• the revised Regulations will not prevent a variation of contract if the sole or principal reason for the variation is an economic, technical, or organisational reason entailing changes in the workforce, provided that the employer and employee agree that variation. Nor will they prevent variations that are permitted under the terms of that contract.
    • changes to the location of a workforce will be within the scope of 'economic, technical or organisational reason entailing changes in the workforce';
  • transferees can renegotiate employees' contractual terms incorporated from collective agreements, provided it is more than one year after the transfer, the changes are agreed and the rights and obligations under the employees' contract are no less favourable to the employees (when considered together) than those which applied immediately before the transfer;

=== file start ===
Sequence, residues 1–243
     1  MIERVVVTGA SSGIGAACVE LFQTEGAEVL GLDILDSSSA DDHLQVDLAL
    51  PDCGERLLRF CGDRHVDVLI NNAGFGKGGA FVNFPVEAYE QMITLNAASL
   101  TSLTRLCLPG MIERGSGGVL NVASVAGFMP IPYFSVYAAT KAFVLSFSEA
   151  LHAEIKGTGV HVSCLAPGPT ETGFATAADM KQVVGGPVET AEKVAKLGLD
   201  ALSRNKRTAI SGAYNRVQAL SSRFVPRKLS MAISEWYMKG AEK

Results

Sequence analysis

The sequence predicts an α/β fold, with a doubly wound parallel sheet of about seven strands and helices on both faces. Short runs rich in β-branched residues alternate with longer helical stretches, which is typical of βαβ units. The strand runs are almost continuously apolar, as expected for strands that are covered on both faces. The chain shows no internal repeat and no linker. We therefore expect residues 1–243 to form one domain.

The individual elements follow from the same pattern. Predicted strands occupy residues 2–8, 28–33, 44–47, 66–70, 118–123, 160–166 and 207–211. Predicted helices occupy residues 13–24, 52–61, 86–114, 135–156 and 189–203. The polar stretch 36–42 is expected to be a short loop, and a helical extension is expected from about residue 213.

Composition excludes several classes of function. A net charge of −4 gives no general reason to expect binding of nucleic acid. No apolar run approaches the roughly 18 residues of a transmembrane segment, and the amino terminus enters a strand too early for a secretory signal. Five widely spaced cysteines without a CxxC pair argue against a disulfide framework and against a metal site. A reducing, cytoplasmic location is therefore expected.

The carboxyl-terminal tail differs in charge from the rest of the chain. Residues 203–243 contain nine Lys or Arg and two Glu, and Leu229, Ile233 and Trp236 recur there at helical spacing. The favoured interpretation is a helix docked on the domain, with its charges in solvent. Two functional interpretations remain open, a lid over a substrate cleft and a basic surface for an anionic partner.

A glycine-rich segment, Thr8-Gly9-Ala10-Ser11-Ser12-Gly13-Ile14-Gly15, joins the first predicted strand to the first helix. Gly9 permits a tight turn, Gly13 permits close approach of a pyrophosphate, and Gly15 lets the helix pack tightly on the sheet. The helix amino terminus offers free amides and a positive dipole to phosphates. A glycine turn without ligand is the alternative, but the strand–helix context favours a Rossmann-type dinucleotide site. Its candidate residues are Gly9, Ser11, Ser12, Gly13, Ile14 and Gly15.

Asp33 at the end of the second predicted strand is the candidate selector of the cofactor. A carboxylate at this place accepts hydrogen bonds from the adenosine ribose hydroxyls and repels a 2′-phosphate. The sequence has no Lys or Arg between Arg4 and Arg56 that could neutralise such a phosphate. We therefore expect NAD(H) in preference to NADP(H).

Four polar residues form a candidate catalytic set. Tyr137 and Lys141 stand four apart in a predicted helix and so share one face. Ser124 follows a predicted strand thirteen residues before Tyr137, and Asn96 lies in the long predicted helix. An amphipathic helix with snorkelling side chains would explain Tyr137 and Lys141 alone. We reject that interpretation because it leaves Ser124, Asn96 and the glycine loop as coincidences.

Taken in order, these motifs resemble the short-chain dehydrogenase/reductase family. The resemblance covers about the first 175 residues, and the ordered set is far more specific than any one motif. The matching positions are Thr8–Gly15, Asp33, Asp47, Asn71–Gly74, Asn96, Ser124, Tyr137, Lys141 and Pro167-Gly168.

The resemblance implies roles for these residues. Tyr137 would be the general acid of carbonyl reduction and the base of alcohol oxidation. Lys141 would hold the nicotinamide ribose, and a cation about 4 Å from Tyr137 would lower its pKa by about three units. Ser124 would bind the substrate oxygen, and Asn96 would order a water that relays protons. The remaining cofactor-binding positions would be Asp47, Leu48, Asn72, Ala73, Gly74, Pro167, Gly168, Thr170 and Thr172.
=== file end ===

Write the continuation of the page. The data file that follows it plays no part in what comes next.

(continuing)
• confirmation that where contracts of employment incorporate provisions of collective agreements which may be agreed from time to time (e.g. future pay rises), the transferee is not bound by any future changes agreed after the transfer where the transferee is not a party to the collective bargaining for that provision;
  • a transferee can 'elect' to conduct (or to start to conduct) collective consultation for redundancy purposes pre-transfer (where 20 or more redundancy dismissals are proposed). However, the transferor must agree and there are certain notification requirements. The transferee can subsequently 'cancel' this 'election' and any consultation taken so far will not count.

For transfers on or after 1 May 2014:

  • the transferor must provide employee liability information 28 days (rather than the current 14 days) before the transfer.

For transfers on or after 31 July 2014: